Watching Noel

There is a lot of intense interest out there in watching TS Noel to see if this disorganized system turns into a Hurricane when it hits the warmer waters of the Gulf Stream. Click on the image for an animated version.

Then, place your bets.

The image is from my company, IntelliWeather, and updates every half hour.

UPDATE: Noel did in fact become a hurricane, and now has 80 mph sustained winds, but it appears to be headed out to sea, and into cooler waters where it will likely dissipate.

from NHC advisory 22: …HURRICANE NOEL EXPECTED TO BECOME A LARGE AND POWERFUL EXTRATROPICAL STORM OVER THE OPEN ATLANTIC ON FRIDAY… NOEL IS MOVING TOWARD THE NORTH-NORTHEAST NEAR 20 MPH…32 KM/HR…AND THIS MOTION IS EXPECTED TO CONTINUE DURING THE NEXT 24 HOURS. ON THIS TRACK…NOEL WILL CONTINUE TO MOVE AWAY FROM THE BAHAMAS.

[Image of 3-day forecast, and coastal areas under a warning or a watch]

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10 thoughts on “Watching Noel

  1. I can’t wait for the 10 cat 5 hurricanes I’m sure the GW advocates are expecting this year. I guess this business of predicting weather is a lot harder than it looks.

  2. Is it even a tropical cyclone at all?
    Let me share my West Coast perspective. We get Tonapah (cut off) Lows that retrograde out over the semi tropical to tropical Pacific, then come back on shore as rain makers. We’ve had a few teasers this fall along these lines. None are ever named. Why are systems like this names in NATL? Sreiously. How can one justify different op defs in different basins regarding what even constitutes a “tropical cyclone?” I know this seems a bit over the top from the NATL perspective, force of habit and all that (e.g. the “home grown” storm idea). But it needs to be questioned if people are going to count storms as evidence of “something.”

  3. Anthony,
    Have a look at the stuff I posted.
    1. on CRN5 versus everything else.
    2. MMTS versus LIG
    Another thing for your readers. My analysis of the Sites visited versus the sites
    NOT YET VISITED, indcates that there is some substantial warming in the 800 or so sites that we havent surveyed.

  4. Re: Steven Mosher (13:43:11). The Steven Mosher posts at climateaudit.org that follow the Kenneth Fritsch post mentioned above are important. Hopefully Fritsch or others will update their summaries as needed to incorporate the results of these new analyses.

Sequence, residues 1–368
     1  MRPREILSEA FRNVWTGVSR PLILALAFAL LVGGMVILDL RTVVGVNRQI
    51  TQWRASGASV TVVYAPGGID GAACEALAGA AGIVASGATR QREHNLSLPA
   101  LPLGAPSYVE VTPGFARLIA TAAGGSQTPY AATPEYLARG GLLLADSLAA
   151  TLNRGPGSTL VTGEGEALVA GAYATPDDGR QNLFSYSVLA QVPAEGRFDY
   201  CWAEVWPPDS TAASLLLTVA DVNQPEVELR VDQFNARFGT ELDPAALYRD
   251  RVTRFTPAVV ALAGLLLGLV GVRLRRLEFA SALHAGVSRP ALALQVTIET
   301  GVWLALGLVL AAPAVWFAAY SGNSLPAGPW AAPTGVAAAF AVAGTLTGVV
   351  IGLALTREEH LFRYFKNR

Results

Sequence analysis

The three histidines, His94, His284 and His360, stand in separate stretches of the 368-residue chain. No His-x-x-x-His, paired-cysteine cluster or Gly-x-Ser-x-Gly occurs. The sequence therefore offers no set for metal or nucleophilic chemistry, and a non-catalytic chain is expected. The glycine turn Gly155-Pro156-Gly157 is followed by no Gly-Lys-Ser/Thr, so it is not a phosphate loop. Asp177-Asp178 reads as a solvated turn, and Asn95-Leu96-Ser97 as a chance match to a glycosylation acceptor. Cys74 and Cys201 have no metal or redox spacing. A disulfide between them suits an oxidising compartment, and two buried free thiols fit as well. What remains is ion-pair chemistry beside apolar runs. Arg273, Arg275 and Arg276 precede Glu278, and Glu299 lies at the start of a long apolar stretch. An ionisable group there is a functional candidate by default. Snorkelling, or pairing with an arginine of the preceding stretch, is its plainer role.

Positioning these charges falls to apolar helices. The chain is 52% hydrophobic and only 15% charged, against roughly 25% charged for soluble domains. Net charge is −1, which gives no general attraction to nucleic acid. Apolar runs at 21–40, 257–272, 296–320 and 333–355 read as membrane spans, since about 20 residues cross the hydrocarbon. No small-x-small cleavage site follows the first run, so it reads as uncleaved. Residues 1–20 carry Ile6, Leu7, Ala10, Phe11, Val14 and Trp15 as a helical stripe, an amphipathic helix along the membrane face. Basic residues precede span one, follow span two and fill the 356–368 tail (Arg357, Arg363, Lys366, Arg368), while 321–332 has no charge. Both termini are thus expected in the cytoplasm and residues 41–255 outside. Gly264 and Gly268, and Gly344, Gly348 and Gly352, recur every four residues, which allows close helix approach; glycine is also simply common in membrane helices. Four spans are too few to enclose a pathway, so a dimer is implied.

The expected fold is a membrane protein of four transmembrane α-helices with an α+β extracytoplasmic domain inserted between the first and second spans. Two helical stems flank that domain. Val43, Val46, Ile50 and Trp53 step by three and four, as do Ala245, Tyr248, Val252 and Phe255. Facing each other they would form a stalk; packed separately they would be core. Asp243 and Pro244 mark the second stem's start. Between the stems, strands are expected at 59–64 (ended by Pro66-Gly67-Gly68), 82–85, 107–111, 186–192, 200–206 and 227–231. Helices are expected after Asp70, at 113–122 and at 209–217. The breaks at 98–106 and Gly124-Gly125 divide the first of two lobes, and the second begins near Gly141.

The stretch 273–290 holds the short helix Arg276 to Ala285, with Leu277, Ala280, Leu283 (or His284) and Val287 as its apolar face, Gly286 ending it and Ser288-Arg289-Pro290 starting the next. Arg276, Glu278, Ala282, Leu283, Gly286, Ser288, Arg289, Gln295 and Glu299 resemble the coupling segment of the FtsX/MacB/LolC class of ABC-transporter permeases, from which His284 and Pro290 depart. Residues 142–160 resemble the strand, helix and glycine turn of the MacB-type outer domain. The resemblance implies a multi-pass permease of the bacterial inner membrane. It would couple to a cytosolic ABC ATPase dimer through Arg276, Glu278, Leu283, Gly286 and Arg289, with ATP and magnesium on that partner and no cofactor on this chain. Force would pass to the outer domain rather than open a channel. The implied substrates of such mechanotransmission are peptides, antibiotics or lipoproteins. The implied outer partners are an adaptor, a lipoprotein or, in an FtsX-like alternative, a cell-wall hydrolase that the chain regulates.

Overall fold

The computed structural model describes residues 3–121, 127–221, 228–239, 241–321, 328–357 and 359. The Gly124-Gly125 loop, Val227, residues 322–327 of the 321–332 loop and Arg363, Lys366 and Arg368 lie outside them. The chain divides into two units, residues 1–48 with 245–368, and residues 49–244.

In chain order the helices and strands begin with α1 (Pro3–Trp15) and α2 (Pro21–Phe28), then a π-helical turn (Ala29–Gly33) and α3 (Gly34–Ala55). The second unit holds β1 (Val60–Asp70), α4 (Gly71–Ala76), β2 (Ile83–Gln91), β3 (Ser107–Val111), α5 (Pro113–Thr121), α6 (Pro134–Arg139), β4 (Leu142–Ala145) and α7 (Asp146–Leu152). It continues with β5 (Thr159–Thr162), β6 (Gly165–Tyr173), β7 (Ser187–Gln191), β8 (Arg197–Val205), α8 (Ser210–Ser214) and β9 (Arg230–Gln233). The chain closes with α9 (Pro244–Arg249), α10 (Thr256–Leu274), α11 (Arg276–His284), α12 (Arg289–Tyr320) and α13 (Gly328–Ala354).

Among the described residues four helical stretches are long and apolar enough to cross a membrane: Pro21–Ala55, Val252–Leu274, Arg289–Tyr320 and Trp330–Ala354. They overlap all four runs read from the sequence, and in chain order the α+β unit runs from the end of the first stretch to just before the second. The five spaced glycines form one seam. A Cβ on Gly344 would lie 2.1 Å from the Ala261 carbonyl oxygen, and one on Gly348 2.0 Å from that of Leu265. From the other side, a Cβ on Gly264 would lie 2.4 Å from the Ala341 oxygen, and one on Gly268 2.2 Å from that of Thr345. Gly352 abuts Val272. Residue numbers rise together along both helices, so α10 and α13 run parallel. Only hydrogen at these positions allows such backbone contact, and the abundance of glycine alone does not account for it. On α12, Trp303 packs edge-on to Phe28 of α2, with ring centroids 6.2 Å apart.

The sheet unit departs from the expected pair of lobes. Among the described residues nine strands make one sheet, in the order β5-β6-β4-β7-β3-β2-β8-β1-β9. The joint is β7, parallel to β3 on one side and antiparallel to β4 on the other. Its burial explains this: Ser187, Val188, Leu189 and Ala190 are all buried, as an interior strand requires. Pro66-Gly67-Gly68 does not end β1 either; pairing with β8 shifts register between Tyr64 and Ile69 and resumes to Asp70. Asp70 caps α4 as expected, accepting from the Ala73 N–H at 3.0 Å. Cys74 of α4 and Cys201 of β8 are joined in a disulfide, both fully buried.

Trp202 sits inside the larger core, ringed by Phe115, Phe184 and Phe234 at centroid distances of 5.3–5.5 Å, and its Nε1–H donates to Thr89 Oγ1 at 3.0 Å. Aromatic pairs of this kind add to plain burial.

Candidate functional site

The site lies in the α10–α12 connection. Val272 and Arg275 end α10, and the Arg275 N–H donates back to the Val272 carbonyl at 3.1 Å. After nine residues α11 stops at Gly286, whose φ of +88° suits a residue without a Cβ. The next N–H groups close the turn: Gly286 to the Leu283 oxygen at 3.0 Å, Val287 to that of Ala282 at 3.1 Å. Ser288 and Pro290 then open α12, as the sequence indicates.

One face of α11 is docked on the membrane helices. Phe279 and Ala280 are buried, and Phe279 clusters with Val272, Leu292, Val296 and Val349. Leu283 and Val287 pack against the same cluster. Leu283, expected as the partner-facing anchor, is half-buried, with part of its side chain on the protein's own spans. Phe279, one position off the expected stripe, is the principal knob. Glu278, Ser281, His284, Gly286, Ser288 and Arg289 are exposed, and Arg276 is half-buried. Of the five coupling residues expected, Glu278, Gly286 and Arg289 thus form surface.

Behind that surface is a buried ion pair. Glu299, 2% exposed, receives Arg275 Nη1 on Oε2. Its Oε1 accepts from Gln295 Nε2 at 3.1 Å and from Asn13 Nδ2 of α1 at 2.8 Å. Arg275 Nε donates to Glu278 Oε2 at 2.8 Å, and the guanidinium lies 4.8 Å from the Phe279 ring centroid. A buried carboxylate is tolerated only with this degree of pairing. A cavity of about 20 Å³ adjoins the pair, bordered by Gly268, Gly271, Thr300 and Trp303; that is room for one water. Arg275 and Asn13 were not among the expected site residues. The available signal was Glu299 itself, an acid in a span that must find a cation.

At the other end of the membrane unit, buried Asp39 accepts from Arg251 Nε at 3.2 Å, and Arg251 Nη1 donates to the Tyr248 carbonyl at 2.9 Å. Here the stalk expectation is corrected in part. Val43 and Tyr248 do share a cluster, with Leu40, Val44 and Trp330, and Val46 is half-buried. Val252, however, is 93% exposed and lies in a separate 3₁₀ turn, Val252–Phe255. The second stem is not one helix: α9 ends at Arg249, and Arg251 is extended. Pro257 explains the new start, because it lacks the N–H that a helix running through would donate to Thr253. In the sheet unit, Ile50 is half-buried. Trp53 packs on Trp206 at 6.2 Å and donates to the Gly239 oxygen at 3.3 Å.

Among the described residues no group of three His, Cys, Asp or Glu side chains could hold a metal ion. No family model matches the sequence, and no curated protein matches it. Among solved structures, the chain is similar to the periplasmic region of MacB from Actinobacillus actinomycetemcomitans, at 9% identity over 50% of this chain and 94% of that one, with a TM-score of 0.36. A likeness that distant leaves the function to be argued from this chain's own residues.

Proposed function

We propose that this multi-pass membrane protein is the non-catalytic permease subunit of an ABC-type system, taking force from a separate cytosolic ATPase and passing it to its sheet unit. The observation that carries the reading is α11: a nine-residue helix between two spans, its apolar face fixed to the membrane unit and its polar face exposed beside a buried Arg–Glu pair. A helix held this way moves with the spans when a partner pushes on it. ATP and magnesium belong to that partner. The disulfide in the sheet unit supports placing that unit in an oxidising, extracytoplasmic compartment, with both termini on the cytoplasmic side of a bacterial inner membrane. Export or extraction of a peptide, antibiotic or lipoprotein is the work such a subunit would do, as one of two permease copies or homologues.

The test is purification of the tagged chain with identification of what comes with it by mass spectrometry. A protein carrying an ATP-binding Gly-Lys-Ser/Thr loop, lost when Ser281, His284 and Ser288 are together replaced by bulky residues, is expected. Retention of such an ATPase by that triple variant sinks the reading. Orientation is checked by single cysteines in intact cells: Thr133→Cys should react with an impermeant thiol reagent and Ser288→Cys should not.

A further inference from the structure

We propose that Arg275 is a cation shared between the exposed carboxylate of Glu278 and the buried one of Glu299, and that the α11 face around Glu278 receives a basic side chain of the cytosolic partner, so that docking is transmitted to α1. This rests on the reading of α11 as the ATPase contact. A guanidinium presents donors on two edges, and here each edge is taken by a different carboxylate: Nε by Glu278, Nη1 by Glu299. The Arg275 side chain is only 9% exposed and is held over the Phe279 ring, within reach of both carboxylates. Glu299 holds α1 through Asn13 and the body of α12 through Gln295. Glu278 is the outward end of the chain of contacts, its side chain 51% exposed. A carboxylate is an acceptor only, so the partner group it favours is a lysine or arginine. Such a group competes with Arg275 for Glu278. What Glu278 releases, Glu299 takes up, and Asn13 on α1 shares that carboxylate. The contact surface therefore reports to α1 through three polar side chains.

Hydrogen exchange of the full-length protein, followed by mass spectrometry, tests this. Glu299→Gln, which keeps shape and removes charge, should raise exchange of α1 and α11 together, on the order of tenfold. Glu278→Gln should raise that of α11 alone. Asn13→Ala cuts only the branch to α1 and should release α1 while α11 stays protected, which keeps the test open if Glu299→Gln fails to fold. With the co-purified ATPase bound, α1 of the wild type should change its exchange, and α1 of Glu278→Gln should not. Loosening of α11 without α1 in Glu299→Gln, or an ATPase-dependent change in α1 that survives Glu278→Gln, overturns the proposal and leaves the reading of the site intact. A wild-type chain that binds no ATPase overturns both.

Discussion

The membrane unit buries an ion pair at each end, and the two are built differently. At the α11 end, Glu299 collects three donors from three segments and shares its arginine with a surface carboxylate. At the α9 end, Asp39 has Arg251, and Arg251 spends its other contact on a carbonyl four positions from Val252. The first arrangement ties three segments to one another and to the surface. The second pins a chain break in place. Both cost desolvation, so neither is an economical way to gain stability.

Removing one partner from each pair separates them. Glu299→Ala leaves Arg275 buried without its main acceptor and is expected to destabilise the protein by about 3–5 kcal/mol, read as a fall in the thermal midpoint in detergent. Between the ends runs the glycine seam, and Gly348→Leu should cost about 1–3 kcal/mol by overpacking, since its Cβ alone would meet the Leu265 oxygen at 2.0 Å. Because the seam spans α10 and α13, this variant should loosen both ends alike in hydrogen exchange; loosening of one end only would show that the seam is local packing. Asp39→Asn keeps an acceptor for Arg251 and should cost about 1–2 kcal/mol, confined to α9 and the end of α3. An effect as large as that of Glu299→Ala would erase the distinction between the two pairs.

Has the analysis of the “Sites visited versus the sites
    NOT YET VISITED” been posted yet?

  5. I have been in Central Dominican Republic since Tuesday on business.
    Noel dumped alot of rain in a little time period here!

  6. I hate to be a cold shower on the predictability thing. I hear all the time the argument that we can’t predict the weather 5 days from now, so how can we do so in 100 years?
    Well, yeah, I do NOT believe we can predict the climate in 100 years. But I do not believe in the basis for this argument either.
    It is September 17, 1944. After the huge gains of August, the whole line has stabilized. Monty has failed to clear the Scheldte. Patton is stalled before Metz. Market Graden is just underway.
    No one can predict what the next 5 days of war will bring. (Horrible news for the allies on the Western Front, as it turns out!) But can one predict who will win the war?
    You bet.
    By 1944, the Germans were toast, and had been since at least the previous July, if not 6 months earlier. The outcome of, say, WWI, was undeterminable until near the very end. Yet Axis chances of winning WWII a year before its end were approaching zero. And that was fairly obvious to even the most hardbitten Victory Skeptics at the time.
    Likewise, I can (and do) predict with a great degree reliability that when the next orbital eccentricity cycle clicks in the world will endure another ice age. But can I predict the weather in the next 5 days?
    Therefore, it is quite clear to me that it is illogical to conflate inability to predict a given matter in the short term with either ability or inability to predict long-term. They are often unrelated intellectual problems.
    This can even be true if the base factors are the same: If I toss 1000 “equal” coins, I can predict with reasonable reliability that roughly 500 or so will come up heads. (With a hat-tip to the base concept of oversampling.) But can I predict what the next 5 flips will yield? Not on your nellie!
    We must abandon the 5-day Vs 100-year volitility argument. It doesn’t hold water. it doesn’t feed the bulldog. It is in fact a false argument.
    I don’t care HOW effect propaganda it makes–to indulge thus is to bring the debate down to the level of the worst of our opponents, and will surely return to bite us in the ass–mark my words.
    NO, I DO NOT think we can predict climate a century down the road! But that has nothing, nothing, NOTHING to do with our ability or inability to predict the weather 5 days ahead.

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